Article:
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The Dartmouth
April 14, 2024 | Latest Issue
The Dartmouth

Trends: ‘Whisperpop’ Defines This Generation of Pop Music

The soft, breathy style has been increasingly popular with performers such as Billie Eilish and Lana Del Rey.

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While there has always been a variety of vocal styles present within pop, each generation has a defining vocal style. If there is a singing style that uniquely defines this current generation of pop stars, it would be the ethereal whisper singing style that has gained traction over the past 10 years. 

In the 1950s, the defining style was crooning, characterized by its smooth, emotive and controlled vocal delivery, and popularized by artists including Frank Sinatra and Nat King Cole. Their voices resonated with the post-war optimism of the era, and the microphone technology of the time allowed for intimate, nuanced performances. 

As decades passed, pop music saw the rise of belting, vocal gymnastics and dramatic performances. 80s icons like Michael Jackson and Whitney Houston performed powerfully with their upper registers, and 90s icons like Celine Dion belted operatically. 

Today's popular whispering singing style — coined as “whisperpop” by Peter Robinson in the Guardian — championed by artists such as Billie Eilish, offers an intimate contrast to the powerful vocal deliveries of the past. This style, with its soft and almost spoken-word quality, resonates with contemporary listeners seeking authenticity and vulnerability in an age where a lot of pop suffers from soulless overproduction.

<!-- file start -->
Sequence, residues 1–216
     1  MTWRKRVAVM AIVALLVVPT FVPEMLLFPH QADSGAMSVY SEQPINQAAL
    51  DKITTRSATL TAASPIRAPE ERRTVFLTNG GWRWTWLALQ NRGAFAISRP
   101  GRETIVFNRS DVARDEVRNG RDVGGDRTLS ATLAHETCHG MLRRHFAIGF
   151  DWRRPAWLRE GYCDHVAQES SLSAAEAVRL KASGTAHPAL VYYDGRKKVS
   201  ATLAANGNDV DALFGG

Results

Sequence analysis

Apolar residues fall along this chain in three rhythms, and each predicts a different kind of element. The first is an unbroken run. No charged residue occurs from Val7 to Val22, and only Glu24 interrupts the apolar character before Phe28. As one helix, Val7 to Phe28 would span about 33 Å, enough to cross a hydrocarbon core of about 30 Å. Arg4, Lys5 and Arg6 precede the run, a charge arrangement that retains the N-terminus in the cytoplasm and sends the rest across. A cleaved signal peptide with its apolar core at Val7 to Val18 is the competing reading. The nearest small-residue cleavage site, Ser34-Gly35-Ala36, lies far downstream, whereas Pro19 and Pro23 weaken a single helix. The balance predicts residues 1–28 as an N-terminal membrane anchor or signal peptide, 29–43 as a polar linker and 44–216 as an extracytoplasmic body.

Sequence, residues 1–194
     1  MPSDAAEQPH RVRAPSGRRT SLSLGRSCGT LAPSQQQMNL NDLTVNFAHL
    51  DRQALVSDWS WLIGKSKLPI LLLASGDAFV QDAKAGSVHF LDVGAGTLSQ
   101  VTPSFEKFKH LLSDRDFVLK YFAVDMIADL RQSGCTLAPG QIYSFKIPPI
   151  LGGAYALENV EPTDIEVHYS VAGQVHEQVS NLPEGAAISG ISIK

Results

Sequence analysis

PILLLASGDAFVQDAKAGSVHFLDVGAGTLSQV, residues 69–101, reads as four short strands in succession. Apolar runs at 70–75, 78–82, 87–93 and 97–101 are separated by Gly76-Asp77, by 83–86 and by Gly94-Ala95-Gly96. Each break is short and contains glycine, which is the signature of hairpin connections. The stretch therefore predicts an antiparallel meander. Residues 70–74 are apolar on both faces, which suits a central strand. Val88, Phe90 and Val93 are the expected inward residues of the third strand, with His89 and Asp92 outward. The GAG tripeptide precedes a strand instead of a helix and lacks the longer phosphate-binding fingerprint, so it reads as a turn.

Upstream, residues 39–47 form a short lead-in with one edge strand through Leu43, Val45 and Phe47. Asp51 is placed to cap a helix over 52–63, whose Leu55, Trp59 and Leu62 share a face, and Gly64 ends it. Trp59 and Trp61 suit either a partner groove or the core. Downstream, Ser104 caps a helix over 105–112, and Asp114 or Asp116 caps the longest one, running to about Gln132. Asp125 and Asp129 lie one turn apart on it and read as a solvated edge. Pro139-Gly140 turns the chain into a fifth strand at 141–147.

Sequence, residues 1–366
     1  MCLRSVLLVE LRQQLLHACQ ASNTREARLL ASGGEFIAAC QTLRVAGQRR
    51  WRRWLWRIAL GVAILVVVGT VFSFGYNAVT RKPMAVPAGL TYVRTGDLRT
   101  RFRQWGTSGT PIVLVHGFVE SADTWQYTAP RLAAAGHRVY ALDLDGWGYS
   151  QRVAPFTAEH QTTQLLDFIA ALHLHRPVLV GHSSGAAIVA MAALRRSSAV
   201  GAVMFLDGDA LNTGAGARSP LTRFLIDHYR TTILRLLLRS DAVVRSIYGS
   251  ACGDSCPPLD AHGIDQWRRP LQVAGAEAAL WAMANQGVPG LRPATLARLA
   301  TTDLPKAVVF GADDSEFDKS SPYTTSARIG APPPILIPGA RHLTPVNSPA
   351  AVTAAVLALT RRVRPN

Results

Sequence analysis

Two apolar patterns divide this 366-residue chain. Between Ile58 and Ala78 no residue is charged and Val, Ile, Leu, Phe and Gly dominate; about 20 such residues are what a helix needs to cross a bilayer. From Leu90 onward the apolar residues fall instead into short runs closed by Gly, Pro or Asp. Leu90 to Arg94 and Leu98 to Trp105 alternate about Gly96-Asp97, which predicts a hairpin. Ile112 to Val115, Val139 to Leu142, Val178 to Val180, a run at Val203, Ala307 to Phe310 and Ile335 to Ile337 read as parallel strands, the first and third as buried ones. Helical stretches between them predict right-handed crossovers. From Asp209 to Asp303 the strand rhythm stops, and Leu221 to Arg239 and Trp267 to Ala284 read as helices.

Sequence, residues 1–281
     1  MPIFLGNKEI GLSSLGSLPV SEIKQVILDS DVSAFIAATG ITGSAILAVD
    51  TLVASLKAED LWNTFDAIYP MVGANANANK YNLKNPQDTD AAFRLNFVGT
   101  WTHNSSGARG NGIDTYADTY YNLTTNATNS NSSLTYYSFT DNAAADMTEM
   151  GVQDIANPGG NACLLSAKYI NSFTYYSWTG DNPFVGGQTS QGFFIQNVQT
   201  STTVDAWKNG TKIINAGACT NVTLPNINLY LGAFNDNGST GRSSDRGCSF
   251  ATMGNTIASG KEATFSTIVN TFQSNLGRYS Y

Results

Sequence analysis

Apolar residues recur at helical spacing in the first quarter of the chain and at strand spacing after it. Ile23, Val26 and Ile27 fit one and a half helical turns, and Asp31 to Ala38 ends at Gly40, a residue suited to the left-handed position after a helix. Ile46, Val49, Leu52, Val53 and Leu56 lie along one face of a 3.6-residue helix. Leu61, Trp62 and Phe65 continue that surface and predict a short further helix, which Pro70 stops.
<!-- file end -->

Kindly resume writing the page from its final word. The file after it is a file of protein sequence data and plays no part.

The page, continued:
What defines the whisperpop style is an emphasis on breaths and sibilant consonants like P’s, K’s and T’s. Since sibilant consonants are most emphasized while whispering, this gives the sound a sense of physical proximity to the listener. The whisperpop style typically leaves in breaths and audible nonvocal mouth noises like the smacking of lips. These subtle cues preserve the authenticity and realism of the voice. Additionally, whispering can be an auditory trigger for an ASMR (autonomous sensory meridian response) sensation of tingling. This gives whispery vocals a unique, pleasurable quality. This feature of whisperpop is particularly modish because ASMR has become popular on Youtube and social media platforms like TikTok over the past few years. 

The emergence of the whisperpop style can be traced to the popularity of singer-songwriters like Lana Del Rey in the early 2010s. Although she is far from the only singer to embrace a dark, subtle vocal delivery, Del Rey scored mainstream success with her 2012 album “Born to Die,” where she sings with a light, airy tone with defined breaths that imprints her vocal performance with profound intimacy.

Lorde’s 2013 breakout hit “Royals” was a major inflection point for pop, revitalizing a minimal compositional style of stripped-back percussion and dry airy vocals. “Royals” was a total reversal of the predominant pop style of maximal synths, wide auto-tuned vocals and clubby drums. The sparse composition on “Royals” allows Lorde’s soft, sibilant voice to shine through.  Lorde would inspire a whole generation of indie singer-songwriters to sing with a soft, acoustic style rather than the typical wide and grandiose pop star delivery. 

One singer blatantly influenced by Lorde is Selena Gomez, who switched from a high-energy, club-friendly album “Stars Dance” in 2013 to a sparser, percussion and vocal-forward record “Revival” in 2015. “Hands to Myself” is a quintessential example of a pop record that emphasizes a soft, breathy vocal singing style.